A Painter Who Merged Korean Art Traditions with Abstract Expressionism

Po Kim at 417 Lafayette (courtesy The Sylvia Wald and Po Kim Art Gallery)

There is a curious oasis on the eighth floor of 417 Lafayette Street in Greenwich Village that was once the residence of Po Kim, a Korean painter who came to the US in the 1950s and joined the Abstract Expressionists in New York. The apartment’s only occupants are a royal blue Macaw named Charlie and a baby-pink cockatoo named Jumble, both of whom are fed a handful of cracked nuts each morning by a woman named Pema. According to Kim’s friends, as many as 50 birds formerly filled the space with song.

For three years, since Kim’s death, this 4,000-square-foot apartment — with its potential monthly rent of $18,000 dollars — has had only avian occupants. It is kept as a shrine to its former owner, who the New York Times described as “an artist with exceptional technical ability and authoritative notions about his visions of the world.” The art critic and curator Lilly Wei once deemed Kim’s apartment “a microcosm of his entire universe.” Indeed, it is a crossroads of Eastern and Western sensibilities. His orchids still bask in the mezzanine greenhouse. The rooftop garden, with stunning views of downtown Manhattan, was once lush with rose bushes, magnolia trees, Japanese maples, and cacti. His bedroom holds a collection of personal photographs, Asian antiques, delicate figurines, and books about birds and art. The room’s most striking object is his four-poster, carved wood bed, still covered with a yellow silk comforter. No one seems to know where the bed came from — maybe China, maybe Indonesia. Near the living area, a lounger topped with Japanese tatami mats provides a broad view of Kim’s studio across the northern wall. His pieces have been moved to storage, but flecks of dried paint outline where the canvases once hung.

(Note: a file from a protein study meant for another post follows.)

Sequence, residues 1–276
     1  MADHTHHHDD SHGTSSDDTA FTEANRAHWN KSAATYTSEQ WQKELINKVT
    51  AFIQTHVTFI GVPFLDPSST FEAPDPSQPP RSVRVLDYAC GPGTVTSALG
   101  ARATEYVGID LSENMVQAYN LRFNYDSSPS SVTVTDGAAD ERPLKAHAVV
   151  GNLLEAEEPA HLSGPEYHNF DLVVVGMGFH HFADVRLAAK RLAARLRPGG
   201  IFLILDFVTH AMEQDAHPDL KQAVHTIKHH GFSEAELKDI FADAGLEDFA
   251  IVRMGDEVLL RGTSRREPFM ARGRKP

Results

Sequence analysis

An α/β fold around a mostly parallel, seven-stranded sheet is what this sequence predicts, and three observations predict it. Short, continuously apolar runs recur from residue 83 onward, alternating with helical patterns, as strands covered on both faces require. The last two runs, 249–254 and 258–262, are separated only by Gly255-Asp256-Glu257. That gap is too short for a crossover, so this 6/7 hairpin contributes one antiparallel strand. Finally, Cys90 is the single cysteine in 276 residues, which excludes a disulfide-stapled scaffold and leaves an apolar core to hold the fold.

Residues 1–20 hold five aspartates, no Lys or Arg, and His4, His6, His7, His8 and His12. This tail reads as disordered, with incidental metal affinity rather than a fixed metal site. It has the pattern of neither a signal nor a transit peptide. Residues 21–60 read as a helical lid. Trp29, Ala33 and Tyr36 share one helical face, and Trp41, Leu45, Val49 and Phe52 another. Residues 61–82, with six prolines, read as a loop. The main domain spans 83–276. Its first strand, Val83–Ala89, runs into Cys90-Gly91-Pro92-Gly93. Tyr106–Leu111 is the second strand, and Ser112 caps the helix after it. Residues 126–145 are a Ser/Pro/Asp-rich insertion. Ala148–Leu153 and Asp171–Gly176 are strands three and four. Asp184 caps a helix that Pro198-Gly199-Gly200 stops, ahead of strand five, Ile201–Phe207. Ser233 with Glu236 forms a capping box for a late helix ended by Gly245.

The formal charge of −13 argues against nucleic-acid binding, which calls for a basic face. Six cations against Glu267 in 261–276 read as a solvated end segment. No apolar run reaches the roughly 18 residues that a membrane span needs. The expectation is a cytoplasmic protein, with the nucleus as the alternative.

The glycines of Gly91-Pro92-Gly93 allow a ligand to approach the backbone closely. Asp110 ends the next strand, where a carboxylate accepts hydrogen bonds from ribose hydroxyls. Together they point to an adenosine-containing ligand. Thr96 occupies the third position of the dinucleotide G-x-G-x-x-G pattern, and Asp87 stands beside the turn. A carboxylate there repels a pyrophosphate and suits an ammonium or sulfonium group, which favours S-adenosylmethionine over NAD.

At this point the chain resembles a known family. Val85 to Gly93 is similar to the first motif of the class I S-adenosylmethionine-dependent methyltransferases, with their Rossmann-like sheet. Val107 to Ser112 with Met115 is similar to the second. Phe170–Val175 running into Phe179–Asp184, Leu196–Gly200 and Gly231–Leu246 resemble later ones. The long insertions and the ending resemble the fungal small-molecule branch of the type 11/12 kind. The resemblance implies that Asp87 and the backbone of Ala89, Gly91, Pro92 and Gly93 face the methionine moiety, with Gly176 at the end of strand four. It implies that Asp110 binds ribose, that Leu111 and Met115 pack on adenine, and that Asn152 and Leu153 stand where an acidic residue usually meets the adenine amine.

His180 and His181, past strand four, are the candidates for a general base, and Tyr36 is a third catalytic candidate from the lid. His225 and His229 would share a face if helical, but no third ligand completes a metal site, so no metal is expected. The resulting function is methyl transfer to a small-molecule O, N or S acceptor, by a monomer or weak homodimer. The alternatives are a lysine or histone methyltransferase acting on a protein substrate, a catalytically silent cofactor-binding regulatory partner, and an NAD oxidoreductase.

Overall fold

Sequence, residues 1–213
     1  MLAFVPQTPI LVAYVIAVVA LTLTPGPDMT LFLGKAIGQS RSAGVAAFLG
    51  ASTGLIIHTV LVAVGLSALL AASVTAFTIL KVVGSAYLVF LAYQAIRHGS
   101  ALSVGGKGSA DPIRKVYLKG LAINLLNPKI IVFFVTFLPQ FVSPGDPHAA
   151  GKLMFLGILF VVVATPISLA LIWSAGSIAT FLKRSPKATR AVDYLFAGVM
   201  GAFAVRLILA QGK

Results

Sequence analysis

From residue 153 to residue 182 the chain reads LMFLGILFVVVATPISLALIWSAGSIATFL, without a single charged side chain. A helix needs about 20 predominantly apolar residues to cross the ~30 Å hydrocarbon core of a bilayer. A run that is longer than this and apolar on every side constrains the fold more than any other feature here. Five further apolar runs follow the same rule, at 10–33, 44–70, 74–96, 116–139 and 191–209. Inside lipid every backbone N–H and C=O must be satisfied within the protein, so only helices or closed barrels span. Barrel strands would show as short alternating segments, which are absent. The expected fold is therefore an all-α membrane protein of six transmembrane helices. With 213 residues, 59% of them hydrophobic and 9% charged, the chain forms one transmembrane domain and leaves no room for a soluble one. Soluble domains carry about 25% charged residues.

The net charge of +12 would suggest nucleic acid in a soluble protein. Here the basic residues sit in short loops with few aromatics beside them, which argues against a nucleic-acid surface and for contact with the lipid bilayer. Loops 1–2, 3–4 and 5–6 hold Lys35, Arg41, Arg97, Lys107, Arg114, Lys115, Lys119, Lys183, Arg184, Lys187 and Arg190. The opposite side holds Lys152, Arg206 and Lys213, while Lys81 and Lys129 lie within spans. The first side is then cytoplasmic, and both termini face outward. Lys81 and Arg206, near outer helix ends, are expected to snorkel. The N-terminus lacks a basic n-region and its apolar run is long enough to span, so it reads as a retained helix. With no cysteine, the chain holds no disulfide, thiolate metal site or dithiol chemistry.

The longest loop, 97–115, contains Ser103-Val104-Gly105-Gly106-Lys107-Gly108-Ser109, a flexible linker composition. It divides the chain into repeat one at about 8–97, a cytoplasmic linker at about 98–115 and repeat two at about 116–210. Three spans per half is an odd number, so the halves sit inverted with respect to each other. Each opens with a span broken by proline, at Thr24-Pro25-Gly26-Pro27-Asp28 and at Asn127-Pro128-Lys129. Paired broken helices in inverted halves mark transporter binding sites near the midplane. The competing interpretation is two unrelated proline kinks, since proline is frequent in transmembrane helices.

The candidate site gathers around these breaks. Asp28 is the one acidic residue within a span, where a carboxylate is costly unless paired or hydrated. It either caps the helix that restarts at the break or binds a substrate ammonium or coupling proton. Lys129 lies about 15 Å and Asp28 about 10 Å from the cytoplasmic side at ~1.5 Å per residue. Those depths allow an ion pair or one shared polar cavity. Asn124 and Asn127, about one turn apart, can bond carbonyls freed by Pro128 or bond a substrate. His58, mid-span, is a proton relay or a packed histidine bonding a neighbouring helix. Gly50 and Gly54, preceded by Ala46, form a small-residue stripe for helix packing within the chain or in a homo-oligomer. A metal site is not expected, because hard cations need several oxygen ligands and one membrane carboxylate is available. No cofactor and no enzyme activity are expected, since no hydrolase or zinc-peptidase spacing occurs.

Po Kim, “Abstract 124” (1961 – 62), oil on paper, 13 x 10.25 inches (courtesy Seho Kim, Korea Society)

Despite his mastery of painting, Kim’s name remains lost to time. In his attempt to marry Korean and American techniques, he wound up caught between two cultures. Many of his Abstract Expressionist works integrated calligraphy and free-flowing brush strokes stirred by his emotions, similar to the Eastern concept of qi, or eternal energy. In an essay, the art critic Robert C. Morgan contrasted Kim’s sensitive style with Western “action painters” and described Kim’s paintings as an “inward aura relating to karma.” Though…

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